Morris: Learning from the Dutch about water management

Texans love the idea that they are unique, which, of course, in many ways, they are. When it comes to Houston land development and flood control efforts, however, there is much Texas shares with the Dutch: Drain the land, channel the bayous, build huge storm-water infrastructure, get flooded, repeat.

In terms of hydrology and geology, there are striking similarities between Rotterdam and Houston, the Dutch Delta and Galveston Bay, and the Dutch and Texas coasts. Moreover, Houston, like Amsterdam and Rotterdam, is a dynamic, economic powerhouse. Which means that as our populations grow and the number of new businesses enter our markets, we also share the potential for devastating flood-induced economic disruption.

After centuries in the business of holding the sea at bay, the Dutch like to say that while God created the earth, the Dutch created the Netherlands. Which leads many to ask, "What can Houston and Texas learn from us about smart water management? The short answer is: long-term planning and financing; water governance; multi-layered protection; and multi-purpose infrastructure. Let me explain.

Coastal areas of Texas and the Netherlands are experiencing rising sea levels, increased erosion, occasional but deadly storm surge events, extreme rainfall and man-made and natural subsidence. Solving the challenge of another Hurricane Harvey or inundation like the Tax Day and Memorial Day floods is critical. But such solutions also must be embedded in a long-term regional plan that addresses tomorrow's challenges too.

The Dutch Delta Program is a comprehensive strategy that looks forward 20, 50 and 100 years. Grounded in science, it shows the future of land use through an engineer's eye, an economist's lens and an artist's imagination. Four primary questions guide the strategy:

1) How to keep the Netherlands safe and attractive; 2) What are acceptable (or unacceptable) levels of risk for both loss of life and economic disruption; 3, What actions are possible - through infrastructure, smart planning and building codes, disaster planning and long-term investment - to minimize those risks, and 4, How to fund those investments, long-term.

For many reasons, this long-term approach is missing in the U.S.

Because floods and weather do not respect political lines, the best approach is to consider geology, hydrology and geography across a drainage area. As in The Netherlands, assumptions about future business, weather, population growth, living patterns and flood typologies - storm surge, heavy rainfall, poor drainage, aging and overwhelmed infrastructure - must be considered region-wide.

Finally, inter-governmentmal efforts to coordinate flood control should align with the physical landscape - watersheds and coastal plains - not political borders.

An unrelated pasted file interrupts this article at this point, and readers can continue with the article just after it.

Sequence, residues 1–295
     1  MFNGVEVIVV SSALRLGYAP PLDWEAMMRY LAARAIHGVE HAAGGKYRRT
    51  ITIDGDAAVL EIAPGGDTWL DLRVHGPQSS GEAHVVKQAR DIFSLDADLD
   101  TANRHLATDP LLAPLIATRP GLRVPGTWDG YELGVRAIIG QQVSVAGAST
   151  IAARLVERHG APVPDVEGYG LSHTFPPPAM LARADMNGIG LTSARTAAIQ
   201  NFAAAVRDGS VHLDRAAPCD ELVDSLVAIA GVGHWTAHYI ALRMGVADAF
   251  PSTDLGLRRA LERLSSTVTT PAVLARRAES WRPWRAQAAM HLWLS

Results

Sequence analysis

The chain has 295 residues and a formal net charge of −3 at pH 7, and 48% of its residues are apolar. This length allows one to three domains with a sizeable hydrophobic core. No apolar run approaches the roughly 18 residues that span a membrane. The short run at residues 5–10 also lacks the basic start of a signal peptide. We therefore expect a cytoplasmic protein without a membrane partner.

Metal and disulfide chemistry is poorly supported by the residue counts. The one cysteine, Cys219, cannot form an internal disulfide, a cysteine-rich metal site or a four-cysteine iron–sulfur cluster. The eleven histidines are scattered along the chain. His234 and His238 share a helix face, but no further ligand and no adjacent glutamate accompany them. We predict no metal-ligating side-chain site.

Good water governance also requires clear, actionable strategies for all stakeholders, including business and private citizens, to act individually and collectively to mitigate their own and nearby flood risks.

Like the Dutch, Texas must not look only at protecting Houston, or only the Upper Galveston Bay or only the lower bay beach communities from storm surge, coastal flooding and tropical rainfall. Instead, the state would plan and invest for the benefit of the entire region, from Galveston and the Ship Channel to the industrial and environmental areas along the bay margins and Upper Bay.

The Dutch achieve high levels of safety by using multiple layers of protection and compartmentalization. The coastal protection system of high, broad dunes, sea dikes and surge barriers is reinforced by secondary levees, pumps, polder ring dikes, river dikes and floodplain structures. Inland cities are protected by river levees, setback levees, overflow and bypass areas, and robust pump and drainage systems. These redundant systems limit widespread impacts should a flood occur.

Finally, the Dutch know that single-purpose infrastructure is not an optimal way to invest. More and more, Dutch infrastructure is being designed and constructed to provide multiple benefits. Better mobility, economic connectivity, recreation, nature and social resiliency are outcomes that can supported through smart water infrastructure policies. While Americans tend to focus on the primary function of an infrastructure project - constructing a road, levee, wetland or surge barrier-the Dutch see their infrastructure investments as a foundation upon which other social, economic and environmental goals can be built, which means the "return on investment" is higher.

In Houston, this multi-use approach to infrastructure already has begun with the construction of parks doubling as detention ponds, such as Keith-Weiss Park in northeast Houston and the Willow Waterhole Greenway Project on the southwest side.

The Dutch, however, have taken this method further. The "water squares" in Rotterdam serve as playgrounds and athletic facilities for nearby schools in dry times and water storage in wet times. Hiding a concrete sea dike under a coastal dune enabled the city of Katwijk to construct a beachfront parking garage in the dune that took nuisance parking out of neighborhoods (and fees for parking partially offset the project cost).

The Dutch say: "It should never be this or that, but instead this and that." Embedding multiple goals in long-term investments broadens their appeal to citizens and lowers cost to taxpayers. These are some of the things that the Dutch are happy to share with Texas as they confront a challenging water-future. There are also many important things Texas can share with The Netherlands in this realm. Let's get started!

Morris is a senior economist with the Royal Netherlands Embassy in Washington, DC. This essay first appeared on the FutureMatters blog of Center for Houston's Future.

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